The second smallest state o... (Below threshold)
Eric T:

The second smallest state of Delaware is pretty good at the same. The only tolls on Delaware roads are at it's borders. Add to that the revenues that come from all the out of state incorporations. There is no need for a sales tax there since non-residents pretty much pick up the tab.


Having grown up in Maine I ... (Below threshold)

Having grown up in Maine I am well familiar with both state run liquor stores and the New Hampshire I95 Liquor outlets. It was customary for anyone who would be driving through New Hampshire to take orders from their friends who also wanted to avoid Maine's sales tax.

Maine has since abandoned its state run booze business and you can find your favorite brand of Gin in aisle 5 of the local supermarket. Raisins are in aisle 8.

You had better quit the fre... (Below threshold)
mshyde:

You had better quit the free adverts for your state.
Otherwise whatcha gonna do when all the rest of us workin' stiffs from the REST of the U.S. of A. decide to immigrate to your great state? :)
It's too bad that some of the other almost ran great states don't take a page out of your book on state governance role model book.
If I ever decide to move, I think I'll check N.H. out first.

Idaho has also been quite s... (Below threshold)
Anachronda:

Idaho has also been quite successful at taxing at Utah via the state lottery. The most successful lottery outlets are those right at the border.

The State Stores are one of... (Below threshold)
Dear Johns:

The State Stores are one of a dozen reasoins I left Pennsylvania right after college and moved to Southern California (OK, it was mostly the weather). This little piece of socialism is hard to justify now that I live where I can pick up a bottle of Scotch and a Riesling for the wife by stopping at the supermarket.

As far as the idea of not advertising for state is concerned, many people in Los Angelese believe Orange County is backwards and culturally barren and we in Orange County try as hard as possible to ensure they continue to believe this. We don't need any more people coming here, thank you (kind of the "shut the door behind you" mindset).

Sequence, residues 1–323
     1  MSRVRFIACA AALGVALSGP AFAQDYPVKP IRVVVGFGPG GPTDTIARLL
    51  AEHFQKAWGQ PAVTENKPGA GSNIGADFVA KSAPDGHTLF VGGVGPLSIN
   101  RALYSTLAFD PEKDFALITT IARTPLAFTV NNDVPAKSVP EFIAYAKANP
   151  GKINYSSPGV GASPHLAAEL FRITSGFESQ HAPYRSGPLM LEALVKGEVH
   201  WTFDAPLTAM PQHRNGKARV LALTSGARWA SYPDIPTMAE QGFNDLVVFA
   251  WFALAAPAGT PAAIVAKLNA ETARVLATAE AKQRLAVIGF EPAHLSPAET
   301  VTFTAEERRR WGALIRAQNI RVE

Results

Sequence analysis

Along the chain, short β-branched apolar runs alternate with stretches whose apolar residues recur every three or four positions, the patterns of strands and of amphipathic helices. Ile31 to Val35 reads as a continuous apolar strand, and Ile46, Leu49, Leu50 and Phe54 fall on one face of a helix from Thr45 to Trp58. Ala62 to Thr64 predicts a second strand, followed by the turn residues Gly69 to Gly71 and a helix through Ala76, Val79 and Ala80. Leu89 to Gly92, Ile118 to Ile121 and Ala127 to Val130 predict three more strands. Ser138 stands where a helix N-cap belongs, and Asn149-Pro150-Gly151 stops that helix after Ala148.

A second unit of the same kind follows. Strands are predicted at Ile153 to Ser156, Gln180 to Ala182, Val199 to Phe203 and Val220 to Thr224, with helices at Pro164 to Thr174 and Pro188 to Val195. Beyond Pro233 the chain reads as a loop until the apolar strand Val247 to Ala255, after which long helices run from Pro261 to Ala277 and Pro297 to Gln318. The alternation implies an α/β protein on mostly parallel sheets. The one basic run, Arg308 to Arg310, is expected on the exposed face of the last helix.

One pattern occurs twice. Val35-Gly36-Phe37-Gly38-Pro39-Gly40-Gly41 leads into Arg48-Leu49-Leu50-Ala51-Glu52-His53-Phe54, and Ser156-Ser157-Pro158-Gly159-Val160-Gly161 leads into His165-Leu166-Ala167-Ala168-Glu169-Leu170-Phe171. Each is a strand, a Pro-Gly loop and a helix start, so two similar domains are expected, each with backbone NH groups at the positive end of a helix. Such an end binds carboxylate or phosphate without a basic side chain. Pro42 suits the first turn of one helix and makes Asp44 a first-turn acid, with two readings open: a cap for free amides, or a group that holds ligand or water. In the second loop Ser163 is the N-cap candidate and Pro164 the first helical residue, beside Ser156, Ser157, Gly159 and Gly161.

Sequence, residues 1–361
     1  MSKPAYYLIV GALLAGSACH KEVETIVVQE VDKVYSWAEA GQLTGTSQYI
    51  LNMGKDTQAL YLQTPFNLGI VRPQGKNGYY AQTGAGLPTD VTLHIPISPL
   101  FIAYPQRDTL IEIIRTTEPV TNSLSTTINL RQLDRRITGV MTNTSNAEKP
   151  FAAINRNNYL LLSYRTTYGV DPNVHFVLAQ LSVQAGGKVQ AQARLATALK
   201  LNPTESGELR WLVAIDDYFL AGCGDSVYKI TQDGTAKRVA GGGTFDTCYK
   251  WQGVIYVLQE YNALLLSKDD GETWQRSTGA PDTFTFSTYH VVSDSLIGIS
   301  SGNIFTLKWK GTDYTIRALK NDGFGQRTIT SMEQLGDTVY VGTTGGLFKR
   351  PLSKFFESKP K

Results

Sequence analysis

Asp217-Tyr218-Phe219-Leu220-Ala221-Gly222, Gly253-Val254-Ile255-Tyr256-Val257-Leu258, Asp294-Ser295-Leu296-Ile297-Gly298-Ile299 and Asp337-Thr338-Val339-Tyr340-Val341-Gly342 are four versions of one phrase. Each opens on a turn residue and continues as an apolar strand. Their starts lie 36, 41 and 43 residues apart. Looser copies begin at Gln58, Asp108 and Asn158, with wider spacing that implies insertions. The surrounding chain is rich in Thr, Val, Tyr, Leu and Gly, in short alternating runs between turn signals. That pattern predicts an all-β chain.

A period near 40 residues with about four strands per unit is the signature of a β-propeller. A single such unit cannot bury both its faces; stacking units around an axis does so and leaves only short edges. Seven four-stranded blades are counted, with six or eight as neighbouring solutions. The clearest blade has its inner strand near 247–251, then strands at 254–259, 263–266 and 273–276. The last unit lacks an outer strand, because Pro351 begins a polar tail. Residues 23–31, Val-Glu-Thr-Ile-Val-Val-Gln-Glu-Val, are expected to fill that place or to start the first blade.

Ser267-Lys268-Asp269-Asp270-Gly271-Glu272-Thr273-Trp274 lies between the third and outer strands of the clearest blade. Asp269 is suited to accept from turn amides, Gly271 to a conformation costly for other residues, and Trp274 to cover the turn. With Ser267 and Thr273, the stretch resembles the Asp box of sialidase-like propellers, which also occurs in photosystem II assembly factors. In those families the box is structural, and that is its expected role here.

So, be sure to point out that, while the good things you said about your state are true, there are also lots of vampires and land sharks about.

Jinkies I donít know whethe... (Below threshold)
God Bless America:

Jinkies I donít know whether to applauded their ingenuity or decry their methods.

I lived in Manchester for a... (Below threshold)
jen:

I lived in Manchester for about 5 years recently. My first drive north on I-93 through the Hooksett tolls caused me to laugh out loud in disbelief at the sight of the rest stop/liquor store combo. Actually, I chuckled a bit every time I passed through those tolls on my way north/south.

The thought of the free peo... (Below threshold)
Lastango:

The thought of the free people of the Republic of New Hampshire drawing bucks from their pinkish neighbors makes me grin.

Government liquor stores? Like you I hate the very thought, but the state has to get at least some revenue from somewhere. Is there a workable proposal on the table about how NH would replace the revenue if it privatized the stores?

One envisions specta... (Below threshold)
jack rudd:


One envisions spectacular car crashes and grisly deaths among Massachusetts liquor pirates veering drunkenly along I-95. Liberals would blame New Hampshire politicians for this, but the true culprits are the political tax fiends in Massachusetts.

Ironic that the libertarian... (Below threshold)

Ironic that the libertarians moved in as the state is trending increasingly blue.

"If I ever decide to move, ... (Below threshold)
John S.:

"If I ever decide to move, I think I'll check N.H. out first."

Well, there's one little thing we left out. It's already below freezing here and the temperature will drop another 50 to 60 degrees over the next 12 weeks. Spring will be back in May.